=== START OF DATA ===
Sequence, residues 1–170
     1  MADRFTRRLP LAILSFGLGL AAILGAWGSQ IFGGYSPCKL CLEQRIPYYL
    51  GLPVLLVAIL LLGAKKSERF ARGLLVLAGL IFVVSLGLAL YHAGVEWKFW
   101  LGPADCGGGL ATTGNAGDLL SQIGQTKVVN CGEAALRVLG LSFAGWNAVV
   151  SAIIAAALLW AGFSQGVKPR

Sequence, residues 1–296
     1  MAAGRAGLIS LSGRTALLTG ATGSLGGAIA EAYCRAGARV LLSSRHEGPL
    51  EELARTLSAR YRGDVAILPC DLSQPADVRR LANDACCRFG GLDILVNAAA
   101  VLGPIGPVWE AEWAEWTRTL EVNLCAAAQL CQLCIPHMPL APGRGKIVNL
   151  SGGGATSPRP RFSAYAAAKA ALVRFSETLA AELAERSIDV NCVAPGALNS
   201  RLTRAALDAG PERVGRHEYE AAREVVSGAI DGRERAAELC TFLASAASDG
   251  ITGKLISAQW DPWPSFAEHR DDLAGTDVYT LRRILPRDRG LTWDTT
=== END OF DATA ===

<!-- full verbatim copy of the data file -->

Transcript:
Sequence, residues 1–170
     1  MADRFTRRLP LAILSFGLGL AAILGAWGSQ IFGGYSPCKL CLEQRIPYYL
    51  GLPVLLVAIL LLGAKKSERF ARGLLVLAGL IFVVSLGLAL YHAGVEWKFW
   101  LGPADCGGGL ATTGNAGDLL SQIGQTKVVN CGEAALRVLG LSFAGWNAVV
   151  SAIIAAALLW AGFSQGVKPR

Sequence, residues 1–296
     1  MAAGRAGLIS LSGRTALLTG ATGSLGGAIA EAYCRAGARV LLSSRHEGPL
    51  EELARTLSAR YRGDVAILPC DLSQPADVRR LANDACCRFG GLDILVNAAA
   101  VLGPIGPVWE AEWAEWTRTL EVNLCAAAQL CQLCIPHMPL APGRGKIVNL
   151  SGGGATSPRP RFSAYAAAKA ALVRFSETLA AELAERSIDV NCVAPGALNS
   201  RLTRAALDAG PERVGRHEYE AAREVVSGAI DGRERAAELC TFLASAASDG
   251  ITGKLISAQW DPWPSFAEHR DDLAGTDVYT LRRILPRDRG LTWDTT